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30 Years of Lung Transplantation … What’s next?


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The first successful lung transplant was performed in Toronto thirty years ago. The transplant was the culmination of an intense and brilliant research campaign driven by the remarkable determination of Joel Cooper, then a young staff surgeon on the thoracic service headed by Griff Pearson at Toronto General Hospital.

Problems that had been encountered in previous attempts to transplant the lung were systematically addressed across a broad research spectrum. Muscular deconditioning resulting from chronic pulmonary insufficiency was countered by exercising the patients under the supervision of physiotherapists, who monitored oxygen saturation and heart rate while pushing the rest of the transplant candidate’s body to the maximum tolerance. The problem of bronchial dehiscence related to the scant vascularity at the suture line was countered by wrapping a pedicled graft of omentum around the anastomosis. Reperfusion injury to the lung was addressed by minimizing the ischemia time and the use of LPD Perfusion, developed in the laboratory by a young surgical resident named Shaf Keshavjee. This improved solution helped preserve the microcirculation, enhancing bronchial anastomotic healing. Anaesthesia and critical care problems were managed by careful analysis of previous experience, and the period of post-transplant injury to the lung was expertly managed by thoracic surgeon intensivist Tom Todd. Joined in 12 hour shifts by the other members of the thoracic surgery team who slept in the ICU beside the transplant patient, Tom Todd, Alex Paterson and Wilf DeMayo steered the patient through the inevitably stormy postoperative course, along with then thoracic fellow Shaf Keshavjee. Immunosuppression had been substantially improved by the introduction of cyclosporine and reduction in the use of steroids.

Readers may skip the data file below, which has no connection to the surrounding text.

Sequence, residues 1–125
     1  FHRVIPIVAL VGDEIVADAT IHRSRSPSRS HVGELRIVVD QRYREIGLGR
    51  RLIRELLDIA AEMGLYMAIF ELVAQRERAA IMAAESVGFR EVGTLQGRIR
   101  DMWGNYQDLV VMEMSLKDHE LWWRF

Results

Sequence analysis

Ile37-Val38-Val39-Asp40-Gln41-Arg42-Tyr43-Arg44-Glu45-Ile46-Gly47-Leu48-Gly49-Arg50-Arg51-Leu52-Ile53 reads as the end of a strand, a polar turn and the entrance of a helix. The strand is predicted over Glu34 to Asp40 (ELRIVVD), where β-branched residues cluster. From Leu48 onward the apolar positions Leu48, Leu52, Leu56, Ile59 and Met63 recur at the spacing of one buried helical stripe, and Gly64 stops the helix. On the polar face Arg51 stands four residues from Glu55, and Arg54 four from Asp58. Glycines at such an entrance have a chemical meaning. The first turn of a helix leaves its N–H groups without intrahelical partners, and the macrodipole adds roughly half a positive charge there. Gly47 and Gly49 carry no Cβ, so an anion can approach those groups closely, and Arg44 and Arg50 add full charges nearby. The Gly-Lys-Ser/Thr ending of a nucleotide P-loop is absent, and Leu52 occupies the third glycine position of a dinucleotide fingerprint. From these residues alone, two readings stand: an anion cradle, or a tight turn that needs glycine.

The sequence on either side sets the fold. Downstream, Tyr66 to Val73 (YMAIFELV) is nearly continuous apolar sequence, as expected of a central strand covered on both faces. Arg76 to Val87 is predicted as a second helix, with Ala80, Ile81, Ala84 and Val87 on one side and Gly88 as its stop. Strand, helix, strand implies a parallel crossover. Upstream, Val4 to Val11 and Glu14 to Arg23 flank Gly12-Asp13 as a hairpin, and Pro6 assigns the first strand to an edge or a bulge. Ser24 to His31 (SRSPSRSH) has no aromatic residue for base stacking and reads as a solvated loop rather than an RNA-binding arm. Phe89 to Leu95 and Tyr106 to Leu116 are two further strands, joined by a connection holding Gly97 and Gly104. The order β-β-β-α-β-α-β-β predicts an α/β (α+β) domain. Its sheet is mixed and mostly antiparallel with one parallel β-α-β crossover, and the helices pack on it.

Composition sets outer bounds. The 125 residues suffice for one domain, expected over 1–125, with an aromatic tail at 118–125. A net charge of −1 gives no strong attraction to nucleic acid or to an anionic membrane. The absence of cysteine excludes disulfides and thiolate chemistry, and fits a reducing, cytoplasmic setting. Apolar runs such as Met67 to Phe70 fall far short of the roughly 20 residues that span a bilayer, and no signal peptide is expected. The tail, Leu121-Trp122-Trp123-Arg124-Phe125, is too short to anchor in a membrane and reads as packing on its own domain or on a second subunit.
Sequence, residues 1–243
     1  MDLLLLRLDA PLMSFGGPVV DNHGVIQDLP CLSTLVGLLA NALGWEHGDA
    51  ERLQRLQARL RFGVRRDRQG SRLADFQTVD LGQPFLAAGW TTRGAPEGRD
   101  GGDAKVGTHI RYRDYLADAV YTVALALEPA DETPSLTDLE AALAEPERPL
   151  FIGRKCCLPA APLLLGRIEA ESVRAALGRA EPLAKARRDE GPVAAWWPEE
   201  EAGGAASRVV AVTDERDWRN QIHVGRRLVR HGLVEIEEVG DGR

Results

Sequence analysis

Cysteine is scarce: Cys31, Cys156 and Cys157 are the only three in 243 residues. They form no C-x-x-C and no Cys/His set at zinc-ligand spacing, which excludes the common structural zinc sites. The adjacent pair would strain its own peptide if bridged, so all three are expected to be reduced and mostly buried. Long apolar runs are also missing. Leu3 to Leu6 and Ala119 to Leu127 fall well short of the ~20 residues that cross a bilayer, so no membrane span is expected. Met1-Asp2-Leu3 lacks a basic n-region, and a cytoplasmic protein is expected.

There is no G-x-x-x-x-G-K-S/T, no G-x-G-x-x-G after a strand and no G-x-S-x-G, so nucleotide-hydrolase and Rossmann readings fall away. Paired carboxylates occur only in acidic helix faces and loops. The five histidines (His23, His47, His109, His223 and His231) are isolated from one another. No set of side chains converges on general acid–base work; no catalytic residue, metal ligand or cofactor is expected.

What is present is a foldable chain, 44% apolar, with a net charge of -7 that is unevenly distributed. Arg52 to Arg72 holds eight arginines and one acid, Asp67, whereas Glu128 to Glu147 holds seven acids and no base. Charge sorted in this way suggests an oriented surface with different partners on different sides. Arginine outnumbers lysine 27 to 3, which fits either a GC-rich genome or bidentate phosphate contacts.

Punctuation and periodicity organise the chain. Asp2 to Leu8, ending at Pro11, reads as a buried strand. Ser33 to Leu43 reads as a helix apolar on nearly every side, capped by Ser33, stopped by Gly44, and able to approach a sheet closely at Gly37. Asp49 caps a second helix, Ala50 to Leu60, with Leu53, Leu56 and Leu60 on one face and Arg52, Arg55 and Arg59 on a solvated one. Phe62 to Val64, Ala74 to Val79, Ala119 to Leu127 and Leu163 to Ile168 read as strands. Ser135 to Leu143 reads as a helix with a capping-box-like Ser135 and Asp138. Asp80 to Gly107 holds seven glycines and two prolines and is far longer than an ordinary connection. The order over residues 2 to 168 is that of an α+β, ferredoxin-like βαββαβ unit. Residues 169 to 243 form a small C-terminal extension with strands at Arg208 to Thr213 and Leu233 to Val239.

group photo

Left to right: Mel Goldberg, Joel Cooper, Shaf Keshavjee, Alec Patterson and Tom Todd

list of dates

The next 30 years brought dramatic advances in lung transplantation under the leadership of the Toronto General team. These are outlined in the accompanying box.

At present, lung transplantation is remarkably effective. It is conducted in centers throughout the world, many of them headed by surgeons and respirologists trained in Toronto. The development of ex-vivo perfusion using high dose antibiotics and gene transfection is the latest advance (see Winter-Spring 2013 issue).

“We have continued to build the program by recruiting superb talent to look for solutions and to translate them into a series of innovations that we brought to the bedside. The future promises more and safer transplants with lungs that will outlive the recipients. The prepared minds and the reflective analysis of the Toronto General team have led to success. All living lung transplant patients were invited to the Gala as guests of the thoracic surgery group.


Bob Bell

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